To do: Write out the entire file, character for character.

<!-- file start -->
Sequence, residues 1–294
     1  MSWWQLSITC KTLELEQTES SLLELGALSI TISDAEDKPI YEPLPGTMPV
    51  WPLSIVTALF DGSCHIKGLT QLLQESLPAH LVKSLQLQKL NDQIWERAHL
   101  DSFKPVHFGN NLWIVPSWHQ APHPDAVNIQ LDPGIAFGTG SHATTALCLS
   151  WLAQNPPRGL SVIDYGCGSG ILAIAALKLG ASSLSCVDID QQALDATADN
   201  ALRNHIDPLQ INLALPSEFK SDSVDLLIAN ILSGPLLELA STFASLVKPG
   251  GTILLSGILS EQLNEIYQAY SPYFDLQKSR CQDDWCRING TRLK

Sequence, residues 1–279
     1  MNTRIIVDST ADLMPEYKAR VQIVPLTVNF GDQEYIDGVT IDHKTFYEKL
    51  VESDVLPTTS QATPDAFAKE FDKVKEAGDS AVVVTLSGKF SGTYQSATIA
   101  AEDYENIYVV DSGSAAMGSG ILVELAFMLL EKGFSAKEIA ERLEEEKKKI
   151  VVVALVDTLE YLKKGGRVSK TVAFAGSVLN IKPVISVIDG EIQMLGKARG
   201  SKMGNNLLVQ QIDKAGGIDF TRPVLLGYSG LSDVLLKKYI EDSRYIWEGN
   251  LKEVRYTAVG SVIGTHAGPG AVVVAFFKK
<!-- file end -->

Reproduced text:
Sequence, residues 1–294
     1  MSWWQLSITC KTLELEQTES SLLELGALSI TISDAEDKPI YEPLPGTMPV
    51  WPLSIVTALF DGSCHIKGLT QLLQESLPAH LVKSLQLQKL NDQIWERAHL
   101  DSFKPVHFGN NLWIVPSWHQ APHPDAVNIQ LDPGIAFGTG SHATTALCLS
   151  WLAQNPPRGL SVIDYGCGSG ILAIAALKLG ASSLSCVDID QQALDATADN
   201  ALRNHIDPLQ INLALPSEFK SDSVDLLIAN ILSGPLLELA STFASLVKPG
   251  GTILLSGILS EQLNEIYQAY SPYFDLQKSR CQDDWCRING TRLK

Sequence, residues 1–279
     1  MNTRIIVDST ADLMPEYKAR VQIVPLTVNF GDQEYIDGVT IDHKTFYEKL
    51  VESDVLPTTS QATPDAFAKE FDKVKEAGDS AVVVTLSGKF SGTYQSATIA
   101  AEDYENIYVV DSGSAAMGSG ILVELAFMLL EKGFSAKEIA ERLEEEKKKI
   151  VVVALVDTLE YLKKGGRVSK TVAFAGSVLN IKPVISVIDG EIQMLGKARG
   201  SKMGNNLLVQ QIDKAGGIDF TRPVLLGYSG LSDVLLKKYI EDSRYIWEGN
   251  LKEVRYTAVG SVIGTHAGPG AVVVAFFKK